Back in the Game at Covington & Burling
It is tempting to look at Paul Tagliabue's new job at Covington & Burling as a homecoming. Before leaving 17 years ago to become commissioner of the National Football League, Tagliabue had worked at the District law firm for two decades, primarily as pro football's go-to counsel. He was succeeded as commissioner in September 2006 by Roger Goodell.
Tagliabue won't call it a homecoming. Sure, he is returning to his old firm -- the move will be announced today -- but he won't be talking about salary caps and free agency. He is much more interested in quoting Tom Friedman and talking about how the world is as flat as the open field in front of Clinton Portis. (The latter part of that metaphor was ours, not his.)
"I'm looking forward to getting away from sports," he said in an interview. He will instead advise clients on doing business in a globalized and digital world, dipping into several of the firm's key international practices in communications, media and technology.
Tagliabue and the firm figured he would have a lot to offer on those matters considering his tenure as commissioner coincided with a rise in prominence for the NFL, which was largely the result of numerous TV, cable, Internet and satellite deals he helped negotiate.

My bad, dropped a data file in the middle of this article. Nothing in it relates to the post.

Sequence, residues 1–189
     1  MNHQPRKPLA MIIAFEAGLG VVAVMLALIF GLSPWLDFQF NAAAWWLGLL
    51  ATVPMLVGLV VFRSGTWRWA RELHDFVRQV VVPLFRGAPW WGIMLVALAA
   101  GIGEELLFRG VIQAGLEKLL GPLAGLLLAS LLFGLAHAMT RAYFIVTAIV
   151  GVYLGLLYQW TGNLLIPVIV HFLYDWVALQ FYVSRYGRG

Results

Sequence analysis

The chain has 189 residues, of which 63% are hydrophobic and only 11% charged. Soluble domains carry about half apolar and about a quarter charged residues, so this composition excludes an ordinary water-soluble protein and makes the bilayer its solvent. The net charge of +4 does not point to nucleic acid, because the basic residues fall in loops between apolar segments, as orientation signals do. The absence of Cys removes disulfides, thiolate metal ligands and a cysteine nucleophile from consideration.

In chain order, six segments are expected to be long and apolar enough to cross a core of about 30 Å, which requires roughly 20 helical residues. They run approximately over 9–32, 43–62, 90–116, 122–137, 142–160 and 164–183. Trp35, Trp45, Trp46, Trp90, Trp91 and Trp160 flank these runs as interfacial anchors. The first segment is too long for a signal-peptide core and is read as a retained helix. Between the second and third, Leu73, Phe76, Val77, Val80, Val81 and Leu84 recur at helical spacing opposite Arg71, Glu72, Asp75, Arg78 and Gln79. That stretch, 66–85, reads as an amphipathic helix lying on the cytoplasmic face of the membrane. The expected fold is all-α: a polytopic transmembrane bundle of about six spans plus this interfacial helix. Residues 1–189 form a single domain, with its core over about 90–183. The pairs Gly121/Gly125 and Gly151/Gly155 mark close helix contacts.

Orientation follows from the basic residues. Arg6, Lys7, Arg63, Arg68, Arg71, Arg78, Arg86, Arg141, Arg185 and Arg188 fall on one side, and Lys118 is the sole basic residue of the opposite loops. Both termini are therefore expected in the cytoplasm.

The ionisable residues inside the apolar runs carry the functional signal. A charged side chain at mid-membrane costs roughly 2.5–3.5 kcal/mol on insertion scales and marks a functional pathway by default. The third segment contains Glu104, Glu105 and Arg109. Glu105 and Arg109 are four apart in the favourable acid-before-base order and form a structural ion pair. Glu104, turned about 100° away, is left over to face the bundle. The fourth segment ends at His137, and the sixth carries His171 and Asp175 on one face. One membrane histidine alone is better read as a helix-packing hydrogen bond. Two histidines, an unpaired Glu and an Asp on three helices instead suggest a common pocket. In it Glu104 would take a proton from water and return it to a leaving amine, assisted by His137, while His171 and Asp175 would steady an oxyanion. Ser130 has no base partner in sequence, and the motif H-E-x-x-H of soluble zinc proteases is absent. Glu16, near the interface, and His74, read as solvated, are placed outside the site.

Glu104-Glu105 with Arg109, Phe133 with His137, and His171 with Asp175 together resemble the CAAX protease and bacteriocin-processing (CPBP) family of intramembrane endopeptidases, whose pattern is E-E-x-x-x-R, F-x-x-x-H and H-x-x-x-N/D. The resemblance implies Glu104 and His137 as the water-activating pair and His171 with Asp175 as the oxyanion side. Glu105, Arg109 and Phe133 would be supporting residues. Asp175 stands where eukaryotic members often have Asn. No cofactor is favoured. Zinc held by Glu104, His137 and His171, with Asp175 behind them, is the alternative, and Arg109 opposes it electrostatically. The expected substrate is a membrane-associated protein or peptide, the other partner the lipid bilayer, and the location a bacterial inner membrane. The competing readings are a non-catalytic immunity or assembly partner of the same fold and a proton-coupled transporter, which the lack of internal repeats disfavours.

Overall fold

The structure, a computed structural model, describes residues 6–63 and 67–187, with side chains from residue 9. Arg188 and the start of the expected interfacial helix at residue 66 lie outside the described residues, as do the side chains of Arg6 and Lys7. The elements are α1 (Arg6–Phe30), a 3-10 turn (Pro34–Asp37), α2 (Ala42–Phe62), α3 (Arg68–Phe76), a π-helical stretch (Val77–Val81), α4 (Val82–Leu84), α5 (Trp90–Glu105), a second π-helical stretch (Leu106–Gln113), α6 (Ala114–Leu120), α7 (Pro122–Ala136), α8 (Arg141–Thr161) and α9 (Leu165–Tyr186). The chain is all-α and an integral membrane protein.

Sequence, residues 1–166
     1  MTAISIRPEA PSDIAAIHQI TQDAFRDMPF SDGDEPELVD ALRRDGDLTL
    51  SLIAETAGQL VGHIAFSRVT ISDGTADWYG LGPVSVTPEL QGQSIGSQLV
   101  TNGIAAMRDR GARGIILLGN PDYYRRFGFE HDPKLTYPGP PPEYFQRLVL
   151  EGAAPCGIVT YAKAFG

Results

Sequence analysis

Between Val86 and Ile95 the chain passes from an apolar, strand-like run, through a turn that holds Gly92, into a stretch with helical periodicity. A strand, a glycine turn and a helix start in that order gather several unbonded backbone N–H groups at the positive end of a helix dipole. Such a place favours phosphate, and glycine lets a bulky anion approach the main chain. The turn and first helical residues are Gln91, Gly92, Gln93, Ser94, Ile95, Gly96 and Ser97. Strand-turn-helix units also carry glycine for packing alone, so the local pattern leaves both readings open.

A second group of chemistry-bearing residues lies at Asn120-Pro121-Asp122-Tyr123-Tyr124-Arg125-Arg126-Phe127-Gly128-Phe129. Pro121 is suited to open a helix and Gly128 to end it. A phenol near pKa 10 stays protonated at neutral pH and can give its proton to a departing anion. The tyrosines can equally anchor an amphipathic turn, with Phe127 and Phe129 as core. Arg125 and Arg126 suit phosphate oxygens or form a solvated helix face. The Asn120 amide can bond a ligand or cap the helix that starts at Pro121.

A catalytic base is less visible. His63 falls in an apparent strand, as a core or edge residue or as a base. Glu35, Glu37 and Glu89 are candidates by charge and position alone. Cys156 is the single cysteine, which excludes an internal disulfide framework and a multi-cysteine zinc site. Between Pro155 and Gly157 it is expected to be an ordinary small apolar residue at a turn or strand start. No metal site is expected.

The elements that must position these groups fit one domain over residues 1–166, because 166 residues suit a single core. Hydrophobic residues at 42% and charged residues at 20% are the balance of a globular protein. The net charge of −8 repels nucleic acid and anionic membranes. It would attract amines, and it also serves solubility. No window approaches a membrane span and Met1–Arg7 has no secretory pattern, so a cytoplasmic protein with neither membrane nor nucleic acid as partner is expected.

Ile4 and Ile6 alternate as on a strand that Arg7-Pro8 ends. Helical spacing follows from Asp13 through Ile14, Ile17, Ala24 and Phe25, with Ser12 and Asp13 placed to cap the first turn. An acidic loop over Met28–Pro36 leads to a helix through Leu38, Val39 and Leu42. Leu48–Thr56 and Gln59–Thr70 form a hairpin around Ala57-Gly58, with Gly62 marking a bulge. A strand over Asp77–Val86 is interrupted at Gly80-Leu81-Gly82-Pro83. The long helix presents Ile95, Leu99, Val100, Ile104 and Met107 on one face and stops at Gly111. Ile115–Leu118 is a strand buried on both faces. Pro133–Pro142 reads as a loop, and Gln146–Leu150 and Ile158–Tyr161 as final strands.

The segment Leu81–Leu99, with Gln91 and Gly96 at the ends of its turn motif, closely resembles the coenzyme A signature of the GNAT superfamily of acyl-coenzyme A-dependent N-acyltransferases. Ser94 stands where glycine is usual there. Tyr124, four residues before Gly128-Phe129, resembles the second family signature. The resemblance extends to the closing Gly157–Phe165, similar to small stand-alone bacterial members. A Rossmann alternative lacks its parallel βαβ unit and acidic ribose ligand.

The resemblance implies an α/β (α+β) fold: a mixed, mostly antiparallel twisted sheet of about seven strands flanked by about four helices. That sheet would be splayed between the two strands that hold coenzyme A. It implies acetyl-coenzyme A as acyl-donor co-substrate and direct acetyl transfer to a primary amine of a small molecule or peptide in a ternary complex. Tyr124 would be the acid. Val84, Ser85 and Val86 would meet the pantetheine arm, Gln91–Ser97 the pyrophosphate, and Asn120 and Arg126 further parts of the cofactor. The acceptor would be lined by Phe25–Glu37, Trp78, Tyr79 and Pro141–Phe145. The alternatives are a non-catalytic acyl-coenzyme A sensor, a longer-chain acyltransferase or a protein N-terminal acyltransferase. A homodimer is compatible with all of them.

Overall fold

"Whether it's football or a number of other things, Paul has an amazing background of being a serious lawyer and having built a major brand in combination with the media," said Stuart Stock, who heads the firm's management committee. "He provides a unique package of skills for us."
Tagliabue will work for the firm part time in Washington and New York while continuing to advise the NFL. He said he is also looking at other opportunities, including consulting with large banks and private-equity firms.
He recently bought a home in Georgetown, renewing an old connection with that part of the District. He is a graduate of Georgetown University, where he was a standout basketball player -- he still ranks No. 20 in career rebounds, with 584.
Tagliabue's career move is likely to prompt some interesting questions around the office.
For instance, now that he no longer must be impartial about such matters, which NFL team does he root for? Asked that the other day, Tagliabue danced around the question like Jason Campbell avoiding a sack, saying stuff about rooting for close games and generally sounding like he hadn't lost his gift for smooth lawyering.
Also, will he be allowed to enter the office football pool? "I am not going to touch that one with a 10-foot pole," Stock said. "I'm not going to acknowledge that we even have an office football pool because that would be illegal."
-- Michael S. Rosenwald